Several cities across the country that count obesity as an underlying condition have opened COVID-19 vaccine appointments to people with a body mass index of 30 or higher — the medical benchmark for obesity.
While BMI isn’t a foolproof standard by which to assess potential health risk factors, obesity medicine physician Dr. Fatima Stanford told NPR, “overall, it’s a good measure” in this case.
It would be dangerous for people with obesity to not get vaccinated, she said, given that obesity is a risk factor for both severe illness and hospitalization from COVID-19.
“We’re talking about two inflammatory conditions. We have chronic inflammation associated with obesity, the disease, not playing well with the acute inflammatory process of COVID-19,” said Stanford, who works at Harvard Medical School and Massachusetts General Hospital.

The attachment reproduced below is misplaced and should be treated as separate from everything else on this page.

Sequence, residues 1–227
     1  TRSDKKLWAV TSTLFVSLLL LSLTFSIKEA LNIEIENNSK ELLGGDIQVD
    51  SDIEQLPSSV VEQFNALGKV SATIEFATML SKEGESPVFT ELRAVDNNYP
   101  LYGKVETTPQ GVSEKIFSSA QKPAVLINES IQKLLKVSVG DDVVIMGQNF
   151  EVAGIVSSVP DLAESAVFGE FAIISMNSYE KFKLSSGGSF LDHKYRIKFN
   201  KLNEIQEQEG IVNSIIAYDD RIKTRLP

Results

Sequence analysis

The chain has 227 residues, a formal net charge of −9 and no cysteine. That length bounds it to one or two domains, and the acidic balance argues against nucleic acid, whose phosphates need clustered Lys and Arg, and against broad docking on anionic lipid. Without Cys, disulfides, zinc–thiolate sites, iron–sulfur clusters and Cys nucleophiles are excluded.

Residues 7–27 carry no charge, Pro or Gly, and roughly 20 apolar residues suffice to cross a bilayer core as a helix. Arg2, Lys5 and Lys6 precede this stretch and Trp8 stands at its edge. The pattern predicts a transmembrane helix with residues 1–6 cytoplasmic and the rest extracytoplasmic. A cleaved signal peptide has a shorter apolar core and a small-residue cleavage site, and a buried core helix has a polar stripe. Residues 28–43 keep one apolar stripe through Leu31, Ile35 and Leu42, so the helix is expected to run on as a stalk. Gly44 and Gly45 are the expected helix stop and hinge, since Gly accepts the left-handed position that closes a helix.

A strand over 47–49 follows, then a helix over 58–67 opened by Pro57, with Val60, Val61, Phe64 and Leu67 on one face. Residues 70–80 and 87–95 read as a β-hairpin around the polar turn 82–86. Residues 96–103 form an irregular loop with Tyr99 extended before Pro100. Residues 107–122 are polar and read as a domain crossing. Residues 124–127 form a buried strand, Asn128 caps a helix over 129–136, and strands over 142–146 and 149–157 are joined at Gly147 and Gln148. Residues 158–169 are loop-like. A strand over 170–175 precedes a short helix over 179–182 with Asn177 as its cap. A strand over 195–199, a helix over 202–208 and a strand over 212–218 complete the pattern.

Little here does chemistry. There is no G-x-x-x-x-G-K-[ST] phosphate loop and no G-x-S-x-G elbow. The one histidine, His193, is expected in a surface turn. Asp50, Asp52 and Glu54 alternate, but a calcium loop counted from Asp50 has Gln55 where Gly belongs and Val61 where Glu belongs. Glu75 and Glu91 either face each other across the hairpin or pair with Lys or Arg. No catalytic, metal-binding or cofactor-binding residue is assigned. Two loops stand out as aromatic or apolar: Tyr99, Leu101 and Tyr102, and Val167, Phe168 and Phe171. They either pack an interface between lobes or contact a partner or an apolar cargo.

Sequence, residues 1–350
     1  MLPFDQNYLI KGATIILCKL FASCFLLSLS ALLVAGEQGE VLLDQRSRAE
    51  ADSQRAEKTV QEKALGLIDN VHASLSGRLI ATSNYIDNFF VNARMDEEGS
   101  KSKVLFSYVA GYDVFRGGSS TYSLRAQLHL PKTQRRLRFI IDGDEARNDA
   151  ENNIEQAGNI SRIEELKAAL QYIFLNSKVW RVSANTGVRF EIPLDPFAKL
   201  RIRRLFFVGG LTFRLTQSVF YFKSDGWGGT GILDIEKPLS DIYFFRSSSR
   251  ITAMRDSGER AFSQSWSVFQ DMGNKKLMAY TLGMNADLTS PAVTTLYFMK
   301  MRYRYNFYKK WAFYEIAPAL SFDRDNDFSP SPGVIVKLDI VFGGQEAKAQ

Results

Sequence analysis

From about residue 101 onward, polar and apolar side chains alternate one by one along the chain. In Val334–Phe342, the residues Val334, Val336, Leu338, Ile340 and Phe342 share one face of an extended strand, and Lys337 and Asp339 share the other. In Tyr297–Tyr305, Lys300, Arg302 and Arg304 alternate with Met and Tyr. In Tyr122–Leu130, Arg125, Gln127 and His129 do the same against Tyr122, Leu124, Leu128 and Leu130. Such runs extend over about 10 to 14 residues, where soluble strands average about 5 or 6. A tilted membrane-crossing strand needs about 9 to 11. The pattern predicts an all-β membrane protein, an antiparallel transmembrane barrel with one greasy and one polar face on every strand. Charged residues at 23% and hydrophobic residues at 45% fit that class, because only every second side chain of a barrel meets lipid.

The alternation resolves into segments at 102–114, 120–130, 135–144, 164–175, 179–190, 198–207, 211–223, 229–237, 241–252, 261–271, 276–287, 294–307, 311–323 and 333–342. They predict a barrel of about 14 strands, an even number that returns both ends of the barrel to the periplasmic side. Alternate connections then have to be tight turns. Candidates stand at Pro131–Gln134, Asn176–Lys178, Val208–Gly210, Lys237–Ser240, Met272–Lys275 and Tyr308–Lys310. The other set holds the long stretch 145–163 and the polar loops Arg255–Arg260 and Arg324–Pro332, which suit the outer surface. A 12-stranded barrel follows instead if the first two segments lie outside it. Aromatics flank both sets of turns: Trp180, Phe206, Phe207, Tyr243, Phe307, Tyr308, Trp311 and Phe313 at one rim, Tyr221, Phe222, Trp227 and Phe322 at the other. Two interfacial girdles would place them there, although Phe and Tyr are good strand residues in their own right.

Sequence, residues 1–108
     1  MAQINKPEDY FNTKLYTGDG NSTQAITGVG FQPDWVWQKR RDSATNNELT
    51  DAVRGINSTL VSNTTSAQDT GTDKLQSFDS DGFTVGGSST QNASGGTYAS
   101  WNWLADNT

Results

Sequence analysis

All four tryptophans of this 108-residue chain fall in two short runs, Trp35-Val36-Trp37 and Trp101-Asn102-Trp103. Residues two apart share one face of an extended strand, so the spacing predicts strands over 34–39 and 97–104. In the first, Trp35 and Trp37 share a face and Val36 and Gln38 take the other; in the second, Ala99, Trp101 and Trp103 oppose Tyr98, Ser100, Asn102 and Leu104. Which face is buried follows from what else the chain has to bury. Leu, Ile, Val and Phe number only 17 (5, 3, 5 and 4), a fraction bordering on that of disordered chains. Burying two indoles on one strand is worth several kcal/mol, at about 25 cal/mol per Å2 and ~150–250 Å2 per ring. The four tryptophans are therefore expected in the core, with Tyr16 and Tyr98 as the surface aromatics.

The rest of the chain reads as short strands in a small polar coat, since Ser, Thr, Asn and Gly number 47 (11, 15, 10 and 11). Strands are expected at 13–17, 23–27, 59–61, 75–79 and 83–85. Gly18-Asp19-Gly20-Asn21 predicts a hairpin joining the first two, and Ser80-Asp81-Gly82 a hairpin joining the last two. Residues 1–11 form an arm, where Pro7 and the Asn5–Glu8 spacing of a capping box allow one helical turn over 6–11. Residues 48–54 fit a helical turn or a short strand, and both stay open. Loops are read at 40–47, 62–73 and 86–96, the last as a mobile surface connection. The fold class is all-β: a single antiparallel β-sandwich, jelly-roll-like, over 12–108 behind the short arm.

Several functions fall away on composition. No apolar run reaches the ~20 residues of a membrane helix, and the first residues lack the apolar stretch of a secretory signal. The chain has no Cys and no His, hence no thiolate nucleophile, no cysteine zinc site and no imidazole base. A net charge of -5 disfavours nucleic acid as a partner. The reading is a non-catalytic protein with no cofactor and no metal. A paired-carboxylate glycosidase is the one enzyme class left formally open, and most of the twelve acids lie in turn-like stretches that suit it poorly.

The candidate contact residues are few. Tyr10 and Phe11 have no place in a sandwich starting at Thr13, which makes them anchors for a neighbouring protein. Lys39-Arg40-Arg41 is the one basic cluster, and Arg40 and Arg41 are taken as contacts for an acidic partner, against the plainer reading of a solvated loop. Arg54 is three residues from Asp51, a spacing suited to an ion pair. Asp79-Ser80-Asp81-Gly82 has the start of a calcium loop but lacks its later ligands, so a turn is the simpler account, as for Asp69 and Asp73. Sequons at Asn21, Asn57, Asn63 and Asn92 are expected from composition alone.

More than 42% of adults in the U.S. have obesity, one of the country’s most prevalent chronic diseases, according to the Centers for Disease Control and Prevention. Obesity is more common in Black people, and slightly more common in Hispanic people, compared to white people. Black and Hispanic people have been suffering from COVID-19 at disproportionately higher rates.
“BMI by itself is an arbitrary cutoff, but it’s a decent population-wide measure,” Stanford said. “It’s important though if you’re talking with physicians and their work with individual patients to not use BMI as the sole cutoff for how we navigate treatment strategies for patients that have this disease of obesity.”